Russia’s war in Ukraine has created fresh problems for its Caribbean ally Cuba, already shaken by street protests and facing severe financial stress amid tighter US sanctions and a pandemic-induced collapse in tourism.
Cubans have contended with chronic shortages of food, medicine and other basic goods for more than two years, owing to the country’s heavy dependency on imports and lack of dollars to pay. Now, there are fuel shortages, more blackouts and less public transport as the island’s communist government battles to secure costly petrol and diesel supplies.
“It’s the war. We’re already screwed and now it will only get worse,” said Antonio Fernández as he waited at a petrol station in the Playa area of Havana, the capital, to fill up his battered Chevrolet, which doubles as a taxi.
Russia was originally supposed to be guest of honour at this month’s international tourism fair in the beach resort of Varadero until the closing of western air space to punish Moscow over its invasion made flights to Cuba prohibitively expensive. Thousands of Russian tourist bookings were lost.
Tourism minister Juan Carlos García Granda said Cuba was working with Russian operators to see what could be done. “We want to rescue that market, which was the main provider during the pandemic,” he said this week.
Tourism is a mainstay of Cuba’s economy, but just 575,000 visitors arrived in 2021, compared with more than 4mn before coronavirus struck. A quarter of last year’s arrivals were from Russia. Cuba had hoped for 2.5mn tourists this year but the loss of its biggest market makes that a tall order.
The worsening situation has fuelled an immigration crisis at the US-Mexico border, with about 100,000 Cubans crossing since October last year. That number is already greater than the number that fled in 1994, the last surge of Cuban migration, and is approaching the 1981 peak. The US has accused Havana of using migration as a safety valve to limit discontent in Cuba.
On the island, many foreign suppliers and investment partners are demanding cash on delivery having not been paid for months. Imports are down 40 per cent since 2019. The director of one Cuban company said his business was “already suffering from cuts in our monthly electricity allocation and last month our diesel was reduced to almost nothing”.
The Ukraine war threatens to torpedo any recovery in Cuba following a 9 per cent fall in gross domestic product in 2020-21. The country suffers triple-digit inflation, caused in part by a devaluation of the peso and demand for scarce goods. Even after the devaluation, the dollar still fetches four times the official rate on the black market.
Various western businessmen say payment problems in Cuba have worsened since the Ukraine invasion as the government struggles with high commodity and shipping costs. Some European traders were being paid via a Russian bank, said one trader, adding that this had now stopped.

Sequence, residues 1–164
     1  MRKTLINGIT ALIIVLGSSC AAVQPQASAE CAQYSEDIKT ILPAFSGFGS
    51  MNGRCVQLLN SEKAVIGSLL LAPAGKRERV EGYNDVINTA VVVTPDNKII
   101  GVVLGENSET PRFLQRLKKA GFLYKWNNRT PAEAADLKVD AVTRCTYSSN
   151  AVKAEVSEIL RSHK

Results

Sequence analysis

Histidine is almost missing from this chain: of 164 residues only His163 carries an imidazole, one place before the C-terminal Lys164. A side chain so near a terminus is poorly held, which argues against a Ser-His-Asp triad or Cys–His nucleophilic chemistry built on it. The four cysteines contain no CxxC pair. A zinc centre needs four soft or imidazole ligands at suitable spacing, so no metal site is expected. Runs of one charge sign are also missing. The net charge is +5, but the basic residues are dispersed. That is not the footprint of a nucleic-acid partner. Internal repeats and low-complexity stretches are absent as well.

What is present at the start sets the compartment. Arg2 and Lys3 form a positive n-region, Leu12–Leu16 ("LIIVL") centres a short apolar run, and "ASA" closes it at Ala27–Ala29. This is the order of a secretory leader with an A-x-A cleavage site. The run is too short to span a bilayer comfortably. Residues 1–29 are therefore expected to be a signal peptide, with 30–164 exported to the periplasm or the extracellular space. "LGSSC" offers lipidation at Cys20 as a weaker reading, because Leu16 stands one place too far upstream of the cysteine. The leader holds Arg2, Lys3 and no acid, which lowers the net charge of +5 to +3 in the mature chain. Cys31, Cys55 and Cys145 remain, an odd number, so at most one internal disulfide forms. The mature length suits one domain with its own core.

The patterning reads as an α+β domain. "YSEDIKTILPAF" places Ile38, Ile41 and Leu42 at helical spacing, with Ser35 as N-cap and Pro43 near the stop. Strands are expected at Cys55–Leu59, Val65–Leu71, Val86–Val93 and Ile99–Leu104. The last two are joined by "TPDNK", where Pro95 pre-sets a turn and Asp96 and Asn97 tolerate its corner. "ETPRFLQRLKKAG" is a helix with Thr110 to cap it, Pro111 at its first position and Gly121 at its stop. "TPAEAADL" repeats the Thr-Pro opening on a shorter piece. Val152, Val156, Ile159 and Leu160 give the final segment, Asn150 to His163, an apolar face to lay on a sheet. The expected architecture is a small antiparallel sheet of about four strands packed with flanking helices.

“Ministries are going to all joint ventures asking what the minimum is they need to stay open,” said one foreign investor, adding that his Cuban partner had contributed nothing for months.
Economy minister Alejandro Gil admitted recent events were “greatly affecting economic activities”, citing high fuel prices as an example.
Pavel Vidal, a former Cuban central bank economist now at Colombia’s Pontificia Universidad Javeriana Cali, said sanctions against Moscow were weakening Russia’s ability to support Havana and would “add more problems to a balance of payments that has been in crisis for several years”.
Moscow has sent several cargoes of food and humanitarian aid this year and did so in 2021, although trade and investment remain only a fraction of the levels in Soviet times.
Russian president Vladimir Putin and his Cuban counterpart Miguel Díaz-Canel agreed during a phone call in January to deepen “strategic co-operation”, but past promises of Russian investment on the island have been slow to materialise.
The Ukraine war has been diplomatically awkward for Cuba, with its government blaming the conflict on the US and Nato while also calling for the respect of international borders.
Paul Hare, former UK ambassador to Havana, said Cuba, like other Russia- aligned countries, had been embarrassed by the invasion, noting how the island’s government had wanted to deepen relations with the EU. “That perhaps explains why Cuba didn’t vote against the UN General Assembly on March 2 condemning the Russian invasion but abstained,” he added.
Hare, now a senior lecturer at Boston University’s Pardee School of Global Studies, said the war had forced Cuba to pick the wrong side in what the EU considered a strategic threat. Relations with Brussels were already strained because of the draconian prison sentences imposed on hundreds of participants in last year’s anti-government protests.
“Cuba will be seen as complicit in Putin’s attempt to redraw the map of Europe and upend the world order,” he said.
Hal Klepak, a Canadian military historian who has written two books on Cuba, said the island’s armed forces remained heavily dependent on old Soviet equipment and Russian support. The first had been discredited in the Ukraine war and the second was now in doubt because of the invasion’s cost.
Despite the problems, political change in Cuba 63 years after the revolution that brought the Castro brothers to power seems unlikely. “Emigration serves as a safety valve for discontent,” said Bert Hoffman, a Cuba expert at the German Institute of Global and Area Studies. “As long as there are no signs of major elite splits then regime continuity is the most likely scenario.”